This poster for "Smurfs: The Lost Village" in Bnei Brak, Israel, omits the character Smurfette so as not to offend its ultra-Orthodox Jewish residents. (AP)
BNEI BRAK, Israel (AP) — Israel's pious ultra-Orthodox Jewish community has long chafed at public displays of women, whether the images are of female public figures or ordinary women.
Now even animated characters appear to be a no-go.
The PR company promoting "Smurfs: The Lost Village" movie, which opens Thursday in Israel, says it has removed the images of Smurfette — the only female among the Smurf characters — from promo posters in the central Israeli city of Bnei Brak.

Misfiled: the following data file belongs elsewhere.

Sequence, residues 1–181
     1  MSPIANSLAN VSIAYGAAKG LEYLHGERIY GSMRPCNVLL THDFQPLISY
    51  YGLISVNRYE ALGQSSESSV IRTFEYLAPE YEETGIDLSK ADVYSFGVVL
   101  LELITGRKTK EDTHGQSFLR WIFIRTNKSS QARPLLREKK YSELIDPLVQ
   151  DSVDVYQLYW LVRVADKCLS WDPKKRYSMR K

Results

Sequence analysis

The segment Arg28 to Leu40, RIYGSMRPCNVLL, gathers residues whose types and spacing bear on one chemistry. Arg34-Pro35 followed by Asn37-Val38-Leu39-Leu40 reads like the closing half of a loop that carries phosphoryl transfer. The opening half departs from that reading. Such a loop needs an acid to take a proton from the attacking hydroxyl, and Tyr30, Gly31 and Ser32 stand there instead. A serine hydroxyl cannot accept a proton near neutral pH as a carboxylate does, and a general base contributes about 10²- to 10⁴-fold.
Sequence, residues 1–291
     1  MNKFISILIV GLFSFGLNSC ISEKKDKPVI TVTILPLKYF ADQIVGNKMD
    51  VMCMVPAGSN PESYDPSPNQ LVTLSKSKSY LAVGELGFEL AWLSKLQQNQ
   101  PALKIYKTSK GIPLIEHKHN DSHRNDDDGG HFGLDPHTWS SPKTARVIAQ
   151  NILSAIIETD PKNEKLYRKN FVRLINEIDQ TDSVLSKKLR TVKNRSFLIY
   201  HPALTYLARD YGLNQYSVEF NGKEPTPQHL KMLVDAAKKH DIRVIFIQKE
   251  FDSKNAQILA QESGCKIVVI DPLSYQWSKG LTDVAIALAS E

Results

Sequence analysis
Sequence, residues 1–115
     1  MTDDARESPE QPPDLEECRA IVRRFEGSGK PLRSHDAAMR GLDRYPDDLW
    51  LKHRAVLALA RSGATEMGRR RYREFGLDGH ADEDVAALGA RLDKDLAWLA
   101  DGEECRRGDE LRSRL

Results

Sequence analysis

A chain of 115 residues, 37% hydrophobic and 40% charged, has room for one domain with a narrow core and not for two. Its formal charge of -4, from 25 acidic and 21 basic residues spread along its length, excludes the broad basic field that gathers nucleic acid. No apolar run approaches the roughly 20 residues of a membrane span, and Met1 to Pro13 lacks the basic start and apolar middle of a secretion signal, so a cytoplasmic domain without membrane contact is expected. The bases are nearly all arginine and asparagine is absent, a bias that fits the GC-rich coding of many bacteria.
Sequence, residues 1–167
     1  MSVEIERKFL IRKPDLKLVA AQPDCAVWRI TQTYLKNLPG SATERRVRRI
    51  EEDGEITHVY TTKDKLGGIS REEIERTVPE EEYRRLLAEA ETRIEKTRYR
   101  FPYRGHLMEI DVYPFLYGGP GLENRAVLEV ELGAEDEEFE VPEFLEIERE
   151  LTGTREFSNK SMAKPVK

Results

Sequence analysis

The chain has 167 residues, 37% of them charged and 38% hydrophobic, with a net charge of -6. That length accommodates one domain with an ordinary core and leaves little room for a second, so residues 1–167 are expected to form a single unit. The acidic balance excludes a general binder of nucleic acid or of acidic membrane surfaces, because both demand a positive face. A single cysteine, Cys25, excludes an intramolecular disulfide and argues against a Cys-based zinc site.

The Mirka'im-Hutzot Zahav company says it did so as not to offend the city's ultra-Orthodox residents.
The original poster shows Smurfette alongside friends Brainy, Clumsy and Hefty. But in Bnei Brak, she is nowhere to be found.
The ultra-Orthodox press in Israel has previously avoided publishing pictures of Hillary Clinton during last year's American presidential race.